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Many faculty went back to school this summer with one goal: improve online classes

“I miss the authentic interaction in the classroom, but I have to be realistic," Denise Patmon, an associate professor at UMass Boston, said. "And I have to make the best of this situation, because learning and teaching must go on.”
“I miss the authentic interaction in the classroom, but I have to be realistic," Denise Patmon, an associate professor at UMass Boston, said. "And I have to make the best of this situation, because learning and teaching must go on.”Pat Greenhouse/Globe Staff

Simona Socrate’s Arlington basement used to be a comfy hideaway for watching TV. But this summer, as the MIT professor prepared for a full semester of teaching undergraduates remotely, she transformed it into the nerve center of her introductory mechanical engineering class.

One side of the room housed piles of pool noodles, rulers, containers of putty, and rubber bands, which she packed into kits and shipped to dozens of students across the United States and as far away as China. Another corner of the basement became a makeshift studio for recording lectures, complete with large computer monitors, a whiteboard, and lights.

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“It’s a big production,” said Socrate, who has been a professor for more than 20 years. “When I came up with the plan, I had no idea what I got into.”

As fall approached, some colleges dithered before making plans; others planned for a mostly in-person semester and reversed course in the last weeks of summer. But another group of institutions made plans early to go primarily remote, including the Massachusetts Institute of Technology, the University of Massachusetts Boston, and all the state’s community colleges. And many of the professors have been focused on making the online transition — and spent the summer trying to make their remote classes as engaging and rigorous as the classroom experience.

For these professors, reinvention has meant reworking syllabuses, prerecording lectures, and reconsidering how to test students’ knowledge of material — and even how to bond with them virtually.

“The schools that are best prepared for an online fall are those that made that decision early,” said Chris Marsicano, the founding director of the College Crisis Initiative at Davidson College, which has been tracking reopening plans nationwide. “There are some institutions that just did not plan. It’s really important that those institutions get their act together.”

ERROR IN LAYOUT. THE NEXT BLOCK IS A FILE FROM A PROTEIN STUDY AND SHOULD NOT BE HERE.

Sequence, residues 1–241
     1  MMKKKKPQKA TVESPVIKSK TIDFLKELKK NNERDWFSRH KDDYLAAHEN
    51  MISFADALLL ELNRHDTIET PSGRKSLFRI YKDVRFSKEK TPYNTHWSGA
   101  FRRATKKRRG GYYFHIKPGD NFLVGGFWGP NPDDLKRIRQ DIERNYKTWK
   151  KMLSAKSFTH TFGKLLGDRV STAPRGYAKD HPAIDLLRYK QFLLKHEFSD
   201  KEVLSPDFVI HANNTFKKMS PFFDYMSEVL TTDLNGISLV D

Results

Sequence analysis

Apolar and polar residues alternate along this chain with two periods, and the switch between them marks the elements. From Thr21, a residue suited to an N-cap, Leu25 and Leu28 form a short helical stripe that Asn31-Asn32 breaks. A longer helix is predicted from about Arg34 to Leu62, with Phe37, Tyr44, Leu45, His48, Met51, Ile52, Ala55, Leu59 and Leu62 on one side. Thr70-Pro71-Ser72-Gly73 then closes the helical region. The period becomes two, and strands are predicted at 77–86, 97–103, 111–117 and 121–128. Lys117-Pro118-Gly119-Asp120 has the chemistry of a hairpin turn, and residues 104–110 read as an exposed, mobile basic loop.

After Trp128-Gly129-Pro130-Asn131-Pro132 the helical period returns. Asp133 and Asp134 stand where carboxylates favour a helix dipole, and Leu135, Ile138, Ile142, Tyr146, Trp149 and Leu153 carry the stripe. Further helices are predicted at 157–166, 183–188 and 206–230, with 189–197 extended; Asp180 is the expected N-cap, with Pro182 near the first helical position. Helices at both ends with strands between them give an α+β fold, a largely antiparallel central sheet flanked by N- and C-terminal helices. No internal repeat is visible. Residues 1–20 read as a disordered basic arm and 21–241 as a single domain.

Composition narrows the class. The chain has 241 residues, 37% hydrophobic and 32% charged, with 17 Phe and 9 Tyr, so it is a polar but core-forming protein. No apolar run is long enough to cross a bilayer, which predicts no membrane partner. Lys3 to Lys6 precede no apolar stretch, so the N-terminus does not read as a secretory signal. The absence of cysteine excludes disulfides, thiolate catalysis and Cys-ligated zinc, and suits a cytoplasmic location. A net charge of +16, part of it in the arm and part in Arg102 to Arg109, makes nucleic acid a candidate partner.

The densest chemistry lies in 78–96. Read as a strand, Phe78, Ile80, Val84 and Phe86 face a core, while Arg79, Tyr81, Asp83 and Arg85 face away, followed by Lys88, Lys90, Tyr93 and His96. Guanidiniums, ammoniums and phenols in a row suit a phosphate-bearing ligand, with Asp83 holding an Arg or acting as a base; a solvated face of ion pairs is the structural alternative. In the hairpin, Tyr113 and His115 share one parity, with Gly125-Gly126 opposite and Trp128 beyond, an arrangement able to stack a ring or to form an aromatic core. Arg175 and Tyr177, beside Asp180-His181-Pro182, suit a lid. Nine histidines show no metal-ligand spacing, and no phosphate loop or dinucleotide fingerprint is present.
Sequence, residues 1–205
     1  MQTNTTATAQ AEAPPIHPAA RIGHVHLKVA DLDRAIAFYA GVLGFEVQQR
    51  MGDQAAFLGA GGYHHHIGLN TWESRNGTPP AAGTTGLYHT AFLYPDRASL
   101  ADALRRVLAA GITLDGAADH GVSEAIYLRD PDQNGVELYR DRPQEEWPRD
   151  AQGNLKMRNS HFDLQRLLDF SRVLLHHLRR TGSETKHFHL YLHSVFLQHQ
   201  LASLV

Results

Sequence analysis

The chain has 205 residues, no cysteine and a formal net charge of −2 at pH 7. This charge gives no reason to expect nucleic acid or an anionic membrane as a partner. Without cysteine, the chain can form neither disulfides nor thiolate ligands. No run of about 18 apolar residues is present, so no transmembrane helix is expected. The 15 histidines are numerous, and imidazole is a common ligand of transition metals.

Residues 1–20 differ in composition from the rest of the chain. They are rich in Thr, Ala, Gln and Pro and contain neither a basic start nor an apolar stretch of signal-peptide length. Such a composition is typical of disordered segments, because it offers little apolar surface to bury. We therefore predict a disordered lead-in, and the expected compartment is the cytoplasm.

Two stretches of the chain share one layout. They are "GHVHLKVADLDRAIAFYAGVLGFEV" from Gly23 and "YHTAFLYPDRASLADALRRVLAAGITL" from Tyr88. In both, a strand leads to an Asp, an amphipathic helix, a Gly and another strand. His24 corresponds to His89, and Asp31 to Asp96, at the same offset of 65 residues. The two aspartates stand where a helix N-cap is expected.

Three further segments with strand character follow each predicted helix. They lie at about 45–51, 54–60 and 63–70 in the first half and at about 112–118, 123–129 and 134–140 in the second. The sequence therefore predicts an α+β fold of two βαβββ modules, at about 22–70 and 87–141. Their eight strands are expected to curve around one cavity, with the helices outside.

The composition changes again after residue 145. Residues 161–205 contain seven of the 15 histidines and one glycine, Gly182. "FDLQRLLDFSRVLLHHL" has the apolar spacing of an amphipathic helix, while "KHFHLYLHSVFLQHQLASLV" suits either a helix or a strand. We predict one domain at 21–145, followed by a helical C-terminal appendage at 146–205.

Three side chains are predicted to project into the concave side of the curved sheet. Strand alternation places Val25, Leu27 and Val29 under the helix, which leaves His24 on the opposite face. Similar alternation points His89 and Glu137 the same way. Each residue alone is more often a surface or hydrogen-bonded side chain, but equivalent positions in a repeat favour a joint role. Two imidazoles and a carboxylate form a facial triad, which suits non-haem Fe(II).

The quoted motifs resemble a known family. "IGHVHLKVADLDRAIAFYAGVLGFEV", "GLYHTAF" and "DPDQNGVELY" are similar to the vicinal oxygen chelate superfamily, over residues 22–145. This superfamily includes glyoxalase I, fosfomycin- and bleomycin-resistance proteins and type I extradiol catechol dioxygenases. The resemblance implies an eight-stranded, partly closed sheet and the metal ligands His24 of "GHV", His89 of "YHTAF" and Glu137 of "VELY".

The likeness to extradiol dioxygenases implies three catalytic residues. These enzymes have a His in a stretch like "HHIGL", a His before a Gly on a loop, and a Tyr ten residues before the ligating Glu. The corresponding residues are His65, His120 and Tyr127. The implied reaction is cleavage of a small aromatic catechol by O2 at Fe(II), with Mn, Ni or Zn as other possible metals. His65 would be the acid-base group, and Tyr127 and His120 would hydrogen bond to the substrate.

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Of the nearly 3,000 institutions that the initiative is following, about 1,000 are fully or primarily teaching online. In Massachusetts, about one-third of the 90 campuses Marsicano’s group tracks plan to teach primarily or fully online, and 23 institutions have adopted a hybrid model that uses both remote and in-person classes. The rest are only in-person or have not released specific pandemic-related plans.

For colleges the pressure is on to avoid a repeat of last spring, when disgruntled parents and students filed lawsuits claiming the online learning experience was not worth the thousands of dollars in tuition costs.

According to a survey of more than 1,400 students released by Third Way, a public opinion polling and advocacy group, about half of college students feel that higher education is no longer worth the cost, and 40 percent believe it’s a bad deal now that it has moved online.

Yet the traditional college model is likely to change significantly post-coronavirus, with online classes playing a much larger role, higher education experts said. It’s also possible that even colleges that are offering a hybrid experience will go all-remote if there is a surge of virus cases this fall.

“I feel like this is a brave new world,” said Denise Patmon, an associate professor at UMass Boston.

Her university’s decision in late June to move its classes mostly online helped her reimagine her education courses.